EnglishEdit

PronunciationEdit

  • IPA(key): /ʌnˈeɪbəl/
  • (file)
  • Rhymes: -eɪbəl

Etymology 1Edit

From Middle English unable, unabel, unhable, unhabil, equivalent to un- +‎ able.

AdjectiveEdit

unable (comparative unabler or more unable, superlative unablest or most unable)

  1. Not able; lacking a certain ability.
    Are you unable to mind your own business or something?
    • 2011 December 21, Tom Rostance, “Fulham 0-5 Man Utd”, in BBC Sport:
      Fulham switched off as Giggs took a quick corner to Valencia. He played it back to Giggs, whose cross was headed in by Nani with the lurking Rooney unable to add a touch.
    • 2013 June 28, Joris Luyendijk, “Our banks are out of control”, in The Guardian Weekly, volume 189, number 3, page 21:
      Seeing the British establishment struggle with the financial sector is like watching an alcoholic […].  Until 2008 there was denial over what finance had become. […]  But the scandals kept coming, […]. A broad section of the political class now recognises the need for change but remains unable to see the necessity of a fundamental overhaul.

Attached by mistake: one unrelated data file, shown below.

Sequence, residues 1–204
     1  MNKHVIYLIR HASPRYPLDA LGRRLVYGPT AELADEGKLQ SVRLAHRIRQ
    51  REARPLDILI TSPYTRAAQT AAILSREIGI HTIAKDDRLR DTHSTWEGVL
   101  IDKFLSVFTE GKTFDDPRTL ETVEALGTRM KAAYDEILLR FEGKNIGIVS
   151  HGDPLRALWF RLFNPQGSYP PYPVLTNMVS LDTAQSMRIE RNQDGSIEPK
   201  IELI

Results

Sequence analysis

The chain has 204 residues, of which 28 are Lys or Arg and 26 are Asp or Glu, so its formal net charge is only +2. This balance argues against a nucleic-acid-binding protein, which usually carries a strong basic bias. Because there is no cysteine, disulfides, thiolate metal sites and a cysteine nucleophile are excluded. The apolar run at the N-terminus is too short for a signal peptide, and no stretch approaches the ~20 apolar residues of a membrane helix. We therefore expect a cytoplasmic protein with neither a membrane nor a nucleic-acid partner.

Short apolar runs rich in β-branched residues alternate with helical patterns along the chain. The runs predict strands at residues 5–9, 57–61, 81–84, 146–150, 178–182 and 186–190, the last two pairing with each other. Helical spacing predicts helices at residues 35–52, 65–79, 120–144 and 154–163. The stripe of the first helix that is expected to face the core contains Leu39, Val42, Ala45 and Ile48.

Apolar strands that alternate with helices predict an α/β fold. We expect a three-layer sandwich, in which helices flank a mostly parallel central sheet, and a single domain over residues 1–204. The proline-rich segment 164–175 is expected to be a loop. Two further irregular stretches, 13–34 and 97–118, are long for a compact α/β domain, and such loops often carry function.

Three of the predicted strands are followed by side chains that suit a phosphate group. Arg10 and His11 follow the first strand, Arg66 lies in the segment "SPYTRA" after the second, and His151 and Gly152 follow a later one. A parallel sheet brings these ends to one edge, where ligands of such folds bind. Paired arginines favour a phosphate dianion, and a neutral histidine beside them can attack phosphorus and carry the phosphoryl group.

• 2022 January 12, “Network News: Trading of Go-Ahead Group shares halted”, in RAIL, number 948, page 7:
      The train operating company owning group warned in early December that it was unable to publish its results for the year to July 3 2021, following an investigation into the running of Southeastern, which was stripped of its franchise in October [...].
AntonymsEdit
TranslationsEdit

InterjectionEdit

unable

  1. (aviation) Indicating that a requested course of action is not possible to carry out.
    "November three seven kilo, climb and maintain twelve thousand." "Unable, we have pressurization problems. Maintaining nine thousand."

Etymology 2Edit

From Middle English unablen, equivalent to un- +‎ able.

VerbEdit

unable (third-person singular simple present unables, present participle unabling, simple past and past participle unabled)

  1. (transitive, nonstandard) To render unable; to disable.

AnagramsEdit